Hong Kong Lawmakers Brawl Over Extradition Bill

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Hong Kong Lawmakers Brawl Over Extradition Bill

A session Saturday in Hong Kong’s legislative assembly about a controversial extradition law ended in a brawl between lawmakers, with one member of the assembly hospitalized.

Neither the pro-democracy lawmakers nor the pro-Beijing politicians are budging from their disapproval or support of the proposed law that would allow Hong Kong to extradite people to other jurisdictions where it lacks a permanent extradition agreement, including China and Taiwan, on a case by case basis. Chief Executive Carrie Lam has said that such changes would close legal “loopholes.”

It follows a high profile murder case last year where a Hong Kong man murdered his pregnant girlfriend on holiday in Taiwan, where the autonomous Chinese city also lacks a long term extradition agreement. The government has said speed is necessary as the murder suspect, who is serving a prison sentence on related money laundering charges, could be released as early as October.

Taiwan officials have said they would not seek the Hong Kong man’s return, even if the law is approved.

Tens of thousands of people took to the streets of Hong Kong last month to show their disapproval for the extradition bill.

The International Chamber of Commerce sent a scathing letter to lawmakers Wednesday questioning why Hong Kong is fast-tracking such significant changes to its legal system with limited public consultation – calling the move “most unbecoming in terms of public governance.”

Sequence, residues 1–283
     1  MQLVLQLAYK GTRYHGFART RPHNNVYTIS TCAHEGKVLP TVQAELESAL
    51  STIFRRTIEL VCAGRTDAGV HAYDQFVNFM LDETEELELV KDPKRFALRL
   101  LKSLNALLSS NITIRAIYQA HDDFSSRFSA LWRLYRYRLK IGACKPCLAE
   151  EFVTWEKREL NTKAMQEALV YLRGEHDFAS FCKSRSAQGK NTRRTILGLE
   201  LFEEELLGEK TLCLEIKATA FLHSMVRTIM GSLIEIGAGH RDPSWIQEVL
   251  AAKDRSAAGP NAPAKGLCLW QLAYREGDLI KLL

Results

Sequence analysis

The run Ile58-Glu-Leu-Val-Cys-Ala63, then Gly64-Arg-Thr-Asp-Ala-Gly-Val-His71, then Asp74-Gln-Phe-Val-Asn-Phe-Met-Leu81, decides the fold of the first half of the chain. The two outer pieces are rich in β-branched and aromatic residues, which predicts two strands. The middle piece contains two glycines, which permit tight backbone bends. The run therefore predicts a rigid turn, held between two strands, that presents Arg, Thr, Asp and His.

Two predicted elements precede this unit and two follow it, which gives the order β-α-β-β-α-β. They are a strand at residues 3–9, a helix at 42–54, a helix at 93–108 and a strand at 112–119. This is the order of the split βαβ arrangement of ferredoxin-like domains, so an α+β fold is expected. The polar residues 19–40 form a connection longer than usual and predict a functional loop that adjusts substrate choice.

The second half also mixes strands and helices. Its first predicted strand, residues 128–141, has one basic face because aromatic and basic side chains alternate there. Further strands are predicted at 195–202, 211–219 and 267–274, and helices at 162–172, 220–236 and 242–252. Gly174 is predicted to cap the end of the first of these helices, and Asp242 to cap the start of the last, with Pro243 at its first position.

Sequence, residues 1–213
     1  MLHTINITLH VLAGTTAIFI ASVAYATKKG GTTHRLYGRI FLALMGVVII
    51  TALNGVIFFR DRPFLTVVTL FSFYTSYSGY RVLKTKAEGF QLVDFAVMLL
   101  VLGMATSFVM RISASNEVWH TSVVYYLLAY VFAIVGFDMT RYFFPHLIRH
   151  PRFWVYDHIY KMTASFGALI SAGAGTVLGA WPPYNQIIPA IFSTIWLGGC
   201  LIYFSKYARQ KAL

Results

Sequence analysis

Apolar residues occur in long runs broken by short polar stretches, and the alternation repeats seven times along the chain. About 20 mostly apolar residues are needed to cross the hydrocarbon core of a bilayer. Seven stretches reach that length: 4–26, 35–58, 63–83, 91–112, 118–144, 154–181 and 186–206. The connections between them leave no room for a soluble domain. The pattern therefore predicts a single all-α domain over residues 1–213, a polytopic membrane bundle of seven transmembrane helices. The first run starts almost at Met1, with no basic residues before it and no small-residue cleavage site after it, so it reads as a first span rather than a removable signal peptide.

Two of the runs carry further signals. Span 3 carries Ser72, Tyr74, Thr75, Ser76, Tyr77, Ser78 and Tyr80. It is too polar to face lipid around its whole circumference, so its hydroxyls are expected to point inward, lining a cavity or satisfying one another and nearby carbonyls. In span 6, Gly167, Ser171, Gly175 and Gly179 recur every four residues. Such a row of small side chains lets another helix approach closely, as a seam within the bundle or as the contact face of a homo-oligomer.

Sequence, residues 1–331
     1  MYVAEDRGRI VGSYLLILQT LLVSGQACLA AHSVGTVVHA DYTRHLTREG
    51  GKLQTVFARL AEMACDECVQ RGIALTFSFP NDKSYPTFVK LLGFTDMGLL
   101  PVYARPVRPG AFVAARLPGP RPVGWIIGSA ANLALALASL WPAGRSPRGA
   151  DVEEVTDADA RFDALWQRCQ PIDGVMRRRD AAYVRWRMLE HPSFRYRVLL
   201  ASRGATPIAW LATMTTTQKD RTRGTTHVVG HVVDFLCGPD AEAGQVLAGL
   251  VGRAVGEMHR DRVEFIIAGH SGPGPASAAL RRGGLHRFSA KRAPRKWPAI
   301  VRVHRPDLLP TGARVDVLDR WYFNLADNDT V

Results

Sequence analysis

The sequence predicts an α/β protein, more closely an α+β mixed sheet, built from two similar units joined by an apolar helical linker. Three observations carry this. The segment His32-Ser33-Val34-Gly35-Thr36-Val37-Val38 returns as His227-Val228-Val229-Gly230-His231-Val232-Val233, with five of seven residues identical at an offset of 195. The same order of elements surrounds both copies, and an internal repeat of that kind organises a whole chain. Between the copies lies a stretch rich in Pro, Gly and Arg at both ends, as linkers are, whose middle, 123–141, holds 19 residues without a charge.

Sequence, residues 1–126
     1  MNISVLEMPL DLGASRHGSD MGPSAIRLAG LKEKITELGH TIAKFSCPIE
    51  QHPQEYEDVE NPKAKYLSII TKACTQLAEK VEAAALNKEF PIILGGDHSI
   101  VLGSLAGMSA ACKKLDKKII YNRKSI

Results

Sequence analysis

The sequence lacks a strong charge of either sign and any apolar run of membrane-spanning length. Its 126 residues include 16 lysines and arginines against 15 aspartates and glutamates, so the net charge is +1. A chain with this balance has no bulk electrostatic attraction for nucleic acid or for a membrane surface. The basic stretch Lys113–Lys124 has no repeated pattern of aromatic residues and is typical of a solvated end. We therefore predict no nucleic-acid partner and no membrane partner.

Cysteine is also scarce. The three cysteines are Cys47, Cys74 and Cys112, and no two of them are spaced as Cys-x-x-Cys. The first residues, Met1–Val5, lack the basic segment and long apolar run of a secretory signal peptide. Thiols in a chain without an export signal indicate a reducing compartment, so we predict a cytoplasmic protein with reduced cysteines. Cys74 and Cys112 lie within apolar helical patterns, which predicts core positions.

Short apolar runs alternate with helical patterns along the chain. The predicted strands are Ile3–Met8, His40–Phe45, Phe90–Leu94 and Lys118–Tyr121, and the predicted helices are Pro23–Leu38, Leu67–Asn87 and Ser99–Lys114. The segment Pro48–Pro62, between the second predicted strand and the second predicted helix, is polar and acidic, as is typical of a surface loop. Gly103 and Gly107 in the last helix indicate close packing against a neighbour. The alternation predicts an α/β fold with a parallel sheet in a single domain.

The ICC’s letter follows similar concerns echoed by the European Union, the American Chamber of Commerce, the Hong Kong Bar Association and US Consul General Kurt Tong.

The bill was introduced in April and is set to be voted on in July by Hong Kong’s semi-democratic legislature, in which the majority is held by pro-establishment legislators.

Hong Kong, an autonomous special administrative region until 2047, has a dramatically different legal system from the mainland due to its former status as a British colony. Its strong rule of law has led dozens of multinational firms to make the city their Asia headquarters, although the ICC said that could change if the extradition law is put in place.



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